Design – and arts and crafts – are the most competitive creative goods from developing countries in world markets. Overall, world exports of audio visuals tripled, and exports of visual arts doubled, between 1996 and 2005. While such figures cannot possibly capture the magnitude of the contribution of the creative industries to national economies, especially in developing countries, the trend is indeed very important. The lion’s share of creative revenues is generated by copyrights, licences, and marketing and distribution. Unfortunately for the developing countries that produce the products or services, however, most of this revenue accrues to large companies abroad. An UNCTAD study found that in the mid-1990s, for example, Jamaican reggae artists and producers received only 25 percent of worldwide income from reggae recordings.
This particular figure will have changed since then, due to revolutionary developments in new media and use of the Internet. The underlying problem, however, will probably not have altered substantially. Innovative solutions are thus needed to correct these systemic market distortions, such as reinforcing competition policies, addressing lacunae in the current IPR regime, and developing effective collecting societies for creative-industry revenue.
But there is another challenge to be faced, one that is both domestic and systemic. Most developing countries are not yet able to harness their creative capacities for development. In Africa, for instance, although there is an abundance of creative talents, the creative potential remains underutilised. The continent’s share in global trade remains very marginal, at less than 1 percent of world exports, despite recent sharp increases. As is the case for other developing regions, this is a reflection of both domestic policy weaknesses and global systemic biases.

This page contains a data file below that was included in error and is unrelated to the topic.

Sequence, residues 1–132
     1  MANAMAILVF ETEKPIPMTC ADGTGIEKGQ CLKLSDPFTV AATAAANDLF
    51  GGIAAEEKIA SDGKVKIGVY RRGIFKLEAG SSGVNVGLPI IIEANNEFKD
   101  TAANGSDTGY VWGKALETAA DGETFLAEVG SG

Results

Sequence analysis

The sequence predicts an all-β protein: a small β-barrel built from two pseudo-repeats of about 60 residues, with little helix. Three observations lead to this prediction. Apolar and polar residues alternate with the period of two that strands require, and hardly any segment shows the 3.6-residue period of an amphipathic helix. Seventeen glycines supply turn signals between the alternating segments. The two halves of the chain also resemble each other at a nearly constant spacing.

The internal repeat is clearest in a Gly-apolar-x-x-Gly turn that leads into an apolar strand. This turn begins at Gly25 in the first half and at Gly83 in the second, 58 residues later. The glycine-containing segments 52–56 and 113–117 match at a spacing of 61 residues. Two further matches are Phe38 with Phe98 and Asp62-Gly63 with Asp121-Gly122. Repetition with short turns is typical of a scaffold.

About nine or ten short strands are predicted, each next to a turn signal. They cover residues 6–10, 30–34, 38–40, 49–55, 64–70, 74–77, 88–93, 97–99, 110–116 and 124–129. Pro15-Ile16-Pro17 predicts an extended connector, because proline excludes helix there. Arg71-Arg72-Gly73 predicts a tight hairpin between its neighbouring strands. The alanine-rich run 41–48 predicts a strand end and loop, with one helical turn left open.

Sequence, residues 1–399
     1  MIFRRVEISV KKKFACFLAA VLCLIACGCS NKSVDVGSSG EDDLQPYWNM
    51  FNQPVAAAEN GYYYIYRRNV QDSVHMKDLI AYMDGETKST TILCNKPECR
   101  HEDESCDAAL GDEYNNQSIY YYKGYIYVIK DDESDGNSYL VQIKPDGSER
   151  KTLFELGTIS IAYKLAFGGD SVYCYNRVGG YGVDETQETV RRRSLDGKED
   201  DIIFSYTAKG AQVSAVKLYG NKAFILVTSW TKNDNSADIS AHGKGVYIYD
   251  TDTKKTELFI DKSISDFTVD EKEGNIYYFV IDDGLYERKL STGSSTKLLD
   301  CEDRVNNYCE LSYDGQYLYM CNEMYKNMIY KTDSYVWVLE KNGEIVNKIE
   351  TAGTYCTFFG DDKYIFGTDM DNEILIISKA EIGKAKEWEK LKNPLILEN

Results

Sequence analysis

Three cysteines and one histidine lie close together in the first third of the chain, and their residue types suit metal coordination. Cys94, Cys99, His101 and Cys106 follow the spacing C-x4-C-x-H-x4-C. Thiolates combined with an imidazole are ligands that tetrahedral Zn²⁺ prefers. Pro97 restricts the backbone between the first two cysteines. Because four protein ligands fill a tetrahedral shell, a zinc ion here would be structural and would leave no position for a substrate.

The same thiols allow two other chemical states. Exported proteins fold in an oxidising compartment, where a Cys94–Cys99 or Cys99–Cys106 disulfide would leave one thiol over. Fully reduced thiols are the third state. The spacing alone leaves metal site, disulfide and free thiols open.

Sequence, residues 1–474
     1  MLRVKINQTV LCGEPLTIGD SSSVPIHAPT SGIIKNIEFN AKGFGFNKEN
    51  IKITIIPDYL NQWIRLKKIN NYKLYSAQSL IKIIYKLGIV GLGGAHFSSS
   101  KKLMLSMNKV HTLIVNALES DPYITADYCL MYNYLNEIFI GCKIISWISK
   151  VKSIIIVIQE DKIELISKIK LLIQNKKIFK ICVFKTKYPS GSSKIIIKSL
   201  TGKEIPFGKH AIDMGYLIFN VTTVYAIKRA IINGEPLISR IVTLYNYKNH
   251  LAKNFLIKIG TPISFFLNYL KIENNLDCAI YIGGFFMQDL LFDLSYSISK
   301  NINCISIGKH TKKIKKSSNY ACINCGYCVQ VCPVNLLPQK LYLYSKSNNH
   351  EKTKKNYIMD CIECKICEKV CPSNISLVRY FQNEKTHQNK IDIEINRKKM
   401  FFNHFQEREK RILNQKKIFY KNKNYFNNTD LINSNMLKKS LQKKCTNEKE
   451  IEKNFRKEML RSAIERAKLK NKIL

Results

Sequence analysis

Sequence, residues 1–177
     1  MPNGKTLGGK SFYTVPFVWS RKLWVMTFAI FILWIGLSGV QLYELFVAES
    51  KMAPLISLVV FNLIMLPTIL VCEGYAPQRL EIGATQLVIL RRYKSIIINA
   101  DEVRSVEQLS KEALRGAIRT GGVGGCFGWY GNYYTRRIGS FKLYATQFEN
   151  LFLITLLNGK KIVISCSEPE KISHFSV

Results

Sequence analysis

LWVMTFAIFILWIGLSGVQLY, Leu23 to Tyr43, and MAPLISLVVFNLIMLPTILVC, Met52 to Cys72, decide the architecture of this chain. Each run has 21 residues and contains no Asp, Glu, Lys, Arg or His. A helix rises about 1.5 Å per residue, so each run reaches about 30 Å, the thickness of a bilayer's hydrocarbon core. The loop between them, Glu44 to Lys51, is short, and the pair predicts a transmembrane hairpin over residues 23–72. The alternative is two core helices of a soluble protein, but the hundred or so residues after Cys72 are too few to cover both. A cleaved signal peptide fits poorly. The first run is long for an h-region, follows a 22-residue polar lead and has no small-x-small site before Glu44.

At the domestic level, developing countries in general will have to upgrade quality throughout the productive value chain, set up institutional and financing mechanisms to support independent artists and creators, and create policies to attract investments that facilitate joint ventures and co-productions. Public/private partnerships will need to be promoted; competition policies enhanced, and awareness of IPRs stepped up. Opportunities must also be created to access advanced technologies and increase the use of new business models and Information and Communication Technologies (ICT) tools to reach new markets, including South-South trade.
There are, however, constraints at the international level as well, related to market access and non-competitive business practices that arise from the oligopolistic market structure, especially in the audiovisual and digital industries. The concentration of marketing channels and distribution networks in a few major markets; limited access to regional and multilateral credit; and technological exclusion all combine to jeopardise the competitiveness of creative products and services from developing countries in world markets.
But there is no doubt as to the potential, and it would be a shame not to exploit it. The fact that the creative economy is driven as much by creativity as by capital makes it particularly well suited for countries that are rich in cultural heritage and creative talent, even if they lack skilled labour, basic infrastructure, and foreign direct investment. It is high time to help developing countries make the most of these new opportunities. (END/COPYRIGHT IPS)